www.mozilla.com Weather Central
Voices
Headlines

A note on primitivism -1/29/2015, 9:55 AM

Owning ideas -1/29/2015, 9:55 AM

There's more -1/29/2015, 9:55 AM

Kansas' birthday -1/29/2015, 9:55 AM

Back to the future, locked and loaded -1/28/2015, 9:29 AM

Compromise -- make it happen -1/28/2015, 9:29 AM

Faith v. facts -1/28/2015, 9:29 AM

Counting on Les -1/27/2015, 9:22 AM

Building bills in the Legislature -1/27/2015, 9:22 AM

Tale of the tree -1/27/2015, 9:22 AM

Seismic activity -1/27/2015, 9:22 AM

Where are the good guys? -1/27/2015, 9:21 AM

Brownback's budget -1/26/2015, 9:59 AM

Committee meetings begin -1/26/2015, 9:50 AM

Excitement starts at Capitol -1/26/2015, 9:50 AM

What's happening with oil prices? -1/26/2015, 9:50 AM

Synthetic biology, brave new world -1/26/2015, 9:50 AM

Today's fierce urgency is voter mobilization -1/25/2015, 5:02 PM

Duke, Muslims and politics of intimidation -1/25/2015, 5:02 PM

Right to hunt -1/25/2015, 5:02 PM

Pipeline: Foreign profits, American risk -1/23/2015, 7:47 AM

Social Darwinist 'Christianity' -- Chapter 3 -1/23/2015, 7:47 AM

Kiwanis generosity -1/23/2015, 7:47 AM

The state economy -1/22/2015, 10:23 AM

Restate of the union -1/22/2015, 10:23 AM

France needs our First Amendment -1/22/2015, 10:23 AM

Repurposing Washington -1/20/2015, 9:31 AM

March for Life -1/20/2015, 9:31 AM

Brownback, the budget and schools -1/20/2015, 9:31 AM

Sensible checks are no assault on gun rights -1/19/2015, 9:50 AM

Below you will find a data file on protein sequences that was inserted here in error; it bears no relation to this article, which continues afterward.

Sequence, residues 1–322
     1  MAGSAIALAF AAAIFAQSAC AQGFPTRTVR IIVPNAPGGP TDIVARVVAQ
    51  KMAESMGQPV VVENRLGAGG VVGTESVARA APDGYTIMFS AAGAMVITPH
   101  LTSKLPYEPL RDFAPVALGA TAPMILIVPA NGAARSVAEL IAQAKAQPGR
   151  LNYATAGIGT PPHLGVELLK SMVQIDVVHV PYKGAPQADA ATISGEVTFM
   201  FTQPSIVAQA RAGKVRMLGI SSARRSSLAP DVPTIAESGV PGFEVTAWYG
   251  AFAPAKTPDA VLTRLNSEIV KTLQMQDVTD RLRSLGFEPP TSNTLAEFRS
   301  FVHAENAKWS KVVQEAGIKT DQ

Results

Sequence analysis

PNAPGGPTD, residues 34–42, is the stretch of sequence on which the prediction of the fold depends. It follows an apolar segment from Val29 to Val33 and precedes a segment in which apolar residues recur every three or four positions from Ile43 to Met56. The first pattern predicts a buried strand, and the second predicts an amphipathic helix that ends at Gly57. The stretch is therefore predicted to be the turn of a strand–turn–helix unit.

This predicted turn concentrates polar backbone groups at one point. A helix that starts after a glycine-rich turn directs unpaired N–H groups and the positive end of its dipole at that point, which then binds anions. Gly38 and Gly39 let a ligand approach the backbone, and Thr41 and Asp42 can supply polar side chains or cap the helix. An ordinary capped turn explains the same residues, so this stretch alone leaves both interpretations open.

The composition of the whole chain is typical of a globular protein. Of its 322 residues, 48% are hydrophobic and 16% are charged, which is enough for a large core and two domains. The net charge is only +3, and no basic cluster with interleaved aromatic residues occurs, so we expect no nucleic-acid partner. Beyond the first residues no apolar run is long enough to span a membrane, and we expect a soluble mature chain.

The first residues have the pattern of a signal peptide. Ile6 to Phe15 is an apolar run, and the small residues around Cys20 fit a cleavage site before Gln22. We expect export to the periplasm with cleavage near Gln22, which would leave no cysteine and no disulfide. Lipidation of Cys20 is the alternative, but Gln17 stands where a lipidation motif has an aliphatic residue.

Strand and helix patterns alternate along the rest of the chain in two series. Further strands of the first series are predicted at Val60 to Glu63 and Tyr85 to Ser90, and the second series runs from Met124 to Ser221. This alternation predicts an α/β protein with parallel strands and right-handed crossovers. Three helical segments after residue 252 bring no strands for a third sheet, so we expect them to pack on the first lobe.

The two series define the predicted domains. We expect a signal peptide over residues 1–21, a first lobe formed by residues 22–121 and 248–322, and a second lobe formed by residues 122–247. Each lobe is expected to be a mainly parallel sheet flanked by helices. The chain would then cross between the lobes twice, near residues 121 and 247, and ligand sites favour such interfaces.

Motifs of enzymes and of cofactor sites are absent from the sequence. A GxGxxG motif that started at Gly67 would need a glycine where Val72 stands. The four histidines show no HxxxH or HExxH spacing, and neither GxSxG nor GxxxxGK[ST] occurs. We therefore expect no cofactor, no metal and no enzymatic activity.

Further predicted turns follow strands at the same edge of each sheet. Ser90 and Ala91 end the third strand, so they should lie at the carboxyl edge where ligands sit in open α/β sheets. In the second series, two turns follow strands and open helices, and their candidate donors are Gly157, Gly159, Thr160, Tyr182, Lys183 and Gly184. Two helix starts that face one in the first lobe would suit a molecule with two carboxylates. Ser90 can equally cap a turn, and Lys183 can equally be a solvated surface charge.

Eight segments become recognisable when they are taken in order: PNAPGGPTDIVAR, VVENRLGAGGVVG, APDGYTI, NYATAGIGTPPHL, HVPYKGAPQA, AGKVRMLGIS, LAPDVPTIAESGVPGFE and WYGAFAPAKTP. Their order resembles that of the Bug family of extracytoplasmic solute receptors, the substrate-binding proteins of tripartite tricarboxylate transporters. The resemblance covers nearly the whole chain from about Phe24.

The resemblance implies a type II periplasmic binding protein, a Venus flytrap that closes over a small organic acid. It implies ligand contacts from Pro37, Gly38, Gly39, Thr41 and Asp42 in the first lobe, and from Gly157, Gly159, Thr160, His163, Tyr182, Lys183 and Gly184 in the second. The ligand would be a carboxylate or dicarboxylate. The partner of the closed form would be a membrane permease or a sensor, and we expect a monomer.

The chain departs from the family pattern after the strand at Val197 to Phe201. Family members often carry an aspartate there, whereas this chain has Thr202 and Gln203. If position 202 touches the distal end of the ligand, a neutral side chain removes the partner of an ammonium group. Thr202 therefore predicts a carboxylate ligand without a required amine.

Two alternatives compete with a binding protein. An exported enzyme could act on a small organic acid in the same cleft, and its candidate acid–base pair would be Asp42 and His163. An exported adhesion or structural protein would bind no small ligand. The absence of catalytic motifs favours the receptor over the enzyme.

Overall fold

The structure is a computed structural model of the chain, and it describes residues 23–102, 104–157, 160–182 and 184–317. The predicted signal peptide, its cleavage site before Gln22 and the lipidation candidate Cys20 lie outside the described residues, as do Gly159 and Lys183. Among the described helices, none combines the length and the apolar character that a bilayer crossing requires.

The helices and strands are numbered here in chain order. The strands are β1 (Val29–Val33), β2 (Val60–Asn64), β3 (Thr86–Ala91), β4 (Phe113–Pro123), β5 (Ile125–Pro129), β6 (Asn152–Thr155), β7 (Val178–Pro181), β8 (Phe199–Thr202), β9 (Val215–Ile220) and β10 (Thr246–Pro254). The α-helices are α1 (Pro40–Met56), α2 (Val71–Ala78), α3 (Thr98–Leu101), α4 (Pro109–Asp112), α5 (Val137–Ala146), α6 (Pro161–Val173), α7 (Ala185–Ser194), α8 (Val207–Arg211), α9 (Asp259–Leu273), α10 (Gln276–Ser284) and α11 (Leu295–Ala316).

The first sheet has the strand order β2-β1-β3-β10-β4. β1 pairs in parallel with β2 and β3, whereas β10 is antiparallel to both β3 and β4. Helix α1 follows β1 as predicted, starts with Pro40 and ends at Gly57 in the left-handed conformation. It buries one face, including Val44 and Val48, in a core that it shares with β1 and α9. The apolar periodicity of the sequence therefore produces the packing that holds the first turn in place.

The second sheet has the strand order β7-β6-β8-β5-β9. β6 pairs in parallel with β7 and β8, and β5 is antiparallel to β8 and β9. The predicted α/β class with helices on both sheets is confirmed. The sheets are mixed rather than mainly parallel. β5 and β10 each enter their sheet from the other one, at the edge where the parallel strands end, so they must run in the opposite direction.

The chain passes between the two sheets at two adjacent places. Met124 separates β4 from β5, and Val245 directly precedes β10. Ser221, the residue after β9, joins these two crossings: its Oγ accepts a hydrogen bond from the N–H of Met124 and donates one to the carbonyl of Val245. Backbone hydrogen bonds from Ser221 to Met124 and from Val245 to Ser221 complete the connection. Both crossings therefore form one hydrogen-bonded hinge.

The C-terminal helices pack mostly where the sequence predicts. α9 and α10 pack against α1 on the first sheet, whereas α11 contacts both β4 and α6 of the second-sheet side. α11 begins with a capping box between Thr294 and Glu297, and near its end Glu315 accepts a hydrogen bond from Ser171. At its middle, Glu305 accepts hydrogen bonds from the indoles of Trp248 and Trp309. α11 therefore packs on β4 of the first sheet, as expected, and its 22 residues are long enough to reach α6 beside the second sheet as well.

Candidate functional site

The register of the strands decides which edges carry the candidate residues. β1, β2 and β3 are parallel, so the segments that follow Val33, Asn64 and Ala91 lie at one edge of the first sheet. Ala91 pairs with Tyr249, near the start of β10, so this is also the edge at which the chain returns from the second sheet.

Jeb Bush chooses expedience on marriage issue -1/19/2015, 9:50 AM

The State of the State Address and the legislative session -1/19/2015, 8:47 AM

Spending's not the culprit in budget woes -1/18/2015, 3:32 PM

Pilgrim's paradise -1/18/2015, 3:32 PM

Spring elections -1/18/2015, 3:23 PM

Kobach is back -1/16/2015, 3:04 PM

More with Les -1/16/2015, 10:03 AM

Understanding Hooper -1/16/2015, 10:02 AM

Basic economics -1/16/2015, 10:01 AM

Female governance -1/15/2015, 9:37 AM

2015 energy policy -- a unique opportunity -1/15/2015, 9:37 AM

The better option -1/15/2015, 9:36 AM

'Wall Street' a waste -1/14/2015, 2:50 PM

Trade already -1/14/2015, 2:49 PM

No media bias? -1/14/2015, 2:48 PM

Retirement funds -1/14/2015, 2:47 PM

Redefining public education in Kansas -1/13/2015, 10:06 AM

What the future holds -1/13/2015, 10:06 AM

Efficient education -1/13/2015, 10:06 AM

Terrorists usher in the 'End of Satire' -1/12/2015, 9:14 AM

Sexuality, lame logic, substandard science -1/12/2015, 9:14 AM

A tragic family story -1/11/2015, 12:11 PM

For freedom, LGBT rights, a year of decision -1/11/2015, 12:11 PM

Roberts' promotion -1/11/2015, 12:11 PM

FHSU campaign -1/11/2015, 12:11 PM

Fairness in U.S. -1/9/2015, 3:05 PM

Liberals' use of black people -- Part II -1/9/2015, 9:09 AM

Social Darwinist 'Christians' -- Chapter 2 -1/9/2015, 9:09 AM

Taxing situation -1/9/2015, 9:09 AM